Apple investigating report of a new iOS exploit being used in the wild

Cyber-security firm ZecOps said today it detected attacks against high-profile targets using a new iOS email exploit.
Written by Catalin Cimpanu, Contributor
iPhone iOS

Cyber-security firm ZecOps said today it discovered what appears to be exploitation attempts using a new iOS vulnerability.

Apple is currently investigating the matter, and the company is preparing a security update to be made available soon.

New email-based iOS exploit discovered

In a report published today, ZecOps said it found evidence that hackers have been using an iOS bug since at least January 2018. Researchers say the new iOS exploit appears to have been leveraged as part of malformed emails sent to high-profile iOS users.

ZecOps researchers say the attack is a zero-click exploit that doesn't require users to interact with the email, with the exploit triggering once the user receives the email or the user opens the Apple Mail app. The exploit doesn't trigger in Gmail or other email clients, researchers said.

"The vulnerability allows to run remote code in the context of MobileMail (iOS 12) or maild (iOS 13)," the ZecOps team said. "Successful exploitation of this vulnerability would allow the attacker to leak, modify, and delete emails."

The security firm said the exploit doesn't grant control over the full device, and that an attacker would also need an additional iOS kernel vulnerability.

"We suspect that these attackers had another vulnerability. It is currently under investigation," ZecOps said.

The company said that until today it had detected exploitation attempts against targets such as:

  • Individuals from a Fortune 500 organization in North America
  • An executive from a carrier in Japan 
  • A VIP from Germany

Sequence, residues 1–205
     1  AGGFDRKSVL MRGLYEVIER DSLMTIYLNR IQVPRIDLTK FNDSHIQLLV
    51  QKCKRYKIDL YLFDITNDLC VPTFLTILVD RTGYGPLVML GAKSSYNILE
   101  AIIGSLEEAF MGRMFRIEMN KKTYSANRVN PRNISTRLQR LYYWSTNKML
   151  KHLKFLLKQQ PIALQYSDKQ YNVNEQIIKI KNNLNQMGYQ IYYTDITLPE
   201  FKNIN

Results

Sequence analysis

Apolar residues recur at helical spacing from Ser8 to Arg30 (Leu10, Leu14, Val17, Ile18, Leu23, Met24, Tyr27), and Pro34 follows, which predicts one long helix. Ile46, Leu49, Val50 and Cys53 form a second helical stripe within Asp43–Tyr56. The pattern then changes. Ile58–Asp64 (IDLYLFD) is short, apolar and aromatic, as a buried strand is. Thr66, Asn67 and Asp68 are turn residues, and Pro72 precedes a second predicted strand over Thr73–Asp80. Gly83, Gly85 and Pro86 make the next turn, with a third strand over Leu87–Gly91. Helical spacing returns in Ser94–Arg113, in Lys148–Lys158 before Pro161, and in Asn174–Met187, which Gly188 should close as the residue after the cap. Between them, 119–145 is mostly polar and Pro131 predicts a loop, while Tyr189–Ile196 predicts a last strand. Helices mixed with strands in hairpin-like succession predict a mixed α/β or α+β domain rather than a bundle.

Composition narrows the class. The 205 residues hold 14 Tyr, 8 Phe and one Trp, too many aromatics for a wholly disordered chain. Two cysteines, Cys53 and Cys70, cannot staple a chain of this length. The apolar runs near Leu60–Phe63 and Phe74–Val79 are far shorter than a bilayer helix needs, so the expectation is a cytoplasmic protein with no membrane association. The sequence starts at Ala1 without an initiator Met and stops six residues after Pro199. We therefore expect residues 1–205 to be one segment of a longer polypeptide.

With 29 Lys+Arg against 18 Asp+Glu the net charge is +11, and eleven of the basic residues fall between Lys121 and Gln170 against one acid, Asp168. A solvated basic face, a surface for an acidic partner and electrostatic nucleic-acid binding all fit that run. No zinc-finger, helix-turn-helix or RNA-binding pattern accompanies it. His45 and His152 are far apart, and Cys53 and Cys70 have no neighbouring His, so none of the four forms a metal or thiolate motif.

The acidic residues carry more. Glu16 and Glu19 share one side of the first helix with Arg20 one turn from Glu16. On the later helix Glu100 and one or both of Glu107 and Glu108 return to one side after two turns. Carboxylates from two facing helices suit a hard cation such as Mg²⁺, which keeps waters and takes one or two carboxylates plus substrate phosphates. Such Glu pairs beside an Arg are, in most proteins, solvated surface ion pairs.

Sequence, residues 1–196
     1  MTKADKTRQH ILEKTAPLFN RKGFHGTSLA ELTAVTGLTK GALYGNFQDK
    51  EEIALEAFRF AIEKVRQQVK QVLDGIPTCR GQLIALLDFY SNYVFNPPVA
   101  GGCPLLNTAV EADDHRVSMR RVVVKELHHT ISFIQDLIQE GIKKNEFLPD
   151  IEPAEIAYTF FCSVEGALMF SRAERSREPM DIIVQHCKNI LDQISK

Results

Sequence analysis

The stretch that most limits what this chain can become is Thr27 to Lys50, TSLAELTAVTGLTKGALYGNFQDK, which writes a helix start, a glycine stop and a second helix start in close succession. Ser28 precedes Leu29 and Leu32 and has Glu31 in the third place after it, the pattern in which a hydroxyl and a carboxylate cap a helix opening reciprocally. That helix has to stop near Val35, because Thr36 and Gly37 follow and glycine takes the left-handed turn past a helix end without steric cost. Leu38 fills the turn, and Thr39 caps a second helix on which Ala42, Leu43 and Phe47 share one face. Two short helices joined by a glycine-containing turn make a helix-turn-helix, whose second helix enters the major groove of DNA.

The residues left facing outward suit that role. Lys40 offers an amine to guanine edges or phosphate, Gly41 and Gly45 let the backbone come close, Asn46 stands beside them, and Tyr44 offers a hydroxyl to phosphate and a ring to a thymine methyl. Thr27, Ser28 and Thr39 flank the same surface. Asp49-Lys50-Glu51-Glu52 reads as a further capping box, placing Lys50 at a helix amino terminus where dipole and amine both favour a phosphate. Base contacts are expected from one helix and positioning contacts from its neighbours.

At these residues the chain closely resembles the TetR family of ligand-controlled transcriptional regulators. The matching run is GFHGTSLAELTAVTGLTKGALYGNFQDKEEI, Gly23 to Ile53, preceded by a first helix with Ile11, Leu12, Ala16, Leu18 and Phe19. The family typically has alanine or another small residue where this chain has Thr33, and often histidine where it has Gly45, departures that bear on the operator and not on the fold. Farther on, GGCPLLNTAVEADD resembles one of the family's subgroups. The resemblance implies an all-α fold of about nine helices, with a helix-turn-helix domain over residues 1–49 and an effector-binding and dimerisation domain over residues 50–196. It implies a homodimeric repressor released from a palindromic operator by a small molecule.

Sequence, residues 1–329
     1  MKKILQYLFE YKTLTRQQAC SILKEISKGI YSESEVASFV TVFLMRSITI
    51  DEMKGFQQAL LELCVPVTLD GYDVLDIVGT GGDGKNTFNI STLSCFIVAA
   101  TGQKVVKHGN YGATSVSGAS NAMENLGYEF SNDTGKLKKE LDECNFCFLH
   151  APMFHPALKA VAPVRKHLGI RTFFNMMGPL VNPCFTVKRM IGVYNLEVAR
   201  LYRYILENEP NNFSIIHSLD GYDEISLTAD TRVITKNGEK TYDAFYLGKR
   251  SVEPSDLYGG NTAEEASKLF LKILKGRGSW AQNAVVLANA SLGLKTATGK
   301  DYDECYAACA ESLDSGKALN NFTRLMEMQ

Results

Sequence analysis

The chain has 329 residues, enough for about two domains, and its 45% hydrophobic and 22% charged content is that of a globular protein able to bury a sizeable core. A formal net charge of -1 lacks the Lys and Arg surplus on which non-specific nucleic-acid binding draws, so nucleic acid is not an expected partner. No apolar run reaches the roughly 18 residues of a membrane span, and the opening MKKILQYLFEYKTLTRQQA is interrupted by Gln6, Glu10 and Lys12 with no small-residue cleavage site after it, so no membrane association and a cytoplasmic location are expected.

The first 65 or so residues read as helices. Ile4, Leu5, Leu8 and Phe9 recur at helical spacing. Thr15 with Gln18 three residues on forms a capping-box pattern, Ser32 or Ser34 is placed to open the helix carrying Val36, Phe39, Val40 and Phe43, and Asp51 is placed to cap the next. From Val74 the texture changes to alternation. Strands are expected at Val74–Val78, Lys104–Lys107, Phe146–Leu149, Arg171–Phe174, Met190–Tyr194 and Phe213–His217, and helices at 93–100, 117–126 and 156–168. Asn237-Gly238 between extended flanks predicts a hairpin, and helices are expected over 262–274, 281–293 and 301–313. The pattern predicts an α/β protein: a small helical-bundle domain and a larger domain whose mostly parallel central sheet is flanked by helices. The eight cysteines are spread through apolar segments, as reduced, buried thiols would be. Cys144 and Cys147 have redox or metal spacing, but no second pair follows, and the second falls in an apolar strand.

• MSSPs from Saudi Arabia and Israel
  • A Journalist in Europe
  • Suspected: An executive from a Swiss enterprise

"We believe that these attacks are correlative with at least one nation-state threat operator or a nation-state that purchased the exploit from a third-party researcher in a Proof of Concept (POC) grade and used 'as-is' or with minor modifications," ZecOps said.

ZecOps did not want to name the "nation-state" group who they believe was exploiting this bug.

Apple is investigating report. A patch also coming.

ZecOps said it notified Apple on February 19. Initially, ZecOps reported what appeared to be a regular security bug, and worked with Apple to patch the issue.

Apple published a patch for this bug on April 15, with the release of iOS 13.4.5 beta.

Things, however, changed on Monday, when ZecOps said it discovered evidence in customer logs of attempts to exploit this issue. The company published its report today in order to notify iOS users of the attacks and the need to install the iOS 13.4.5 release once it becomes generally available.

ZecOps said that while it detected possible exploitation of the bug as far as January 2018, the bug could have been exploited even earlier. The company said it replicated the issue as far back as iOS 6, released in 2012.

Image: ZecOps

Additional technical details about the vulnerability and its inner workings are available for Apple users and security experts in ZecOps' technical write-up.

Until a patch is available, ZecOps recommended that users disable the Apple Mail client and use Gmail, Outlook, or another email app instead.

HEX 4-in-1 case for the Apple iPhone 11 Pro: in pictures

Editorial standards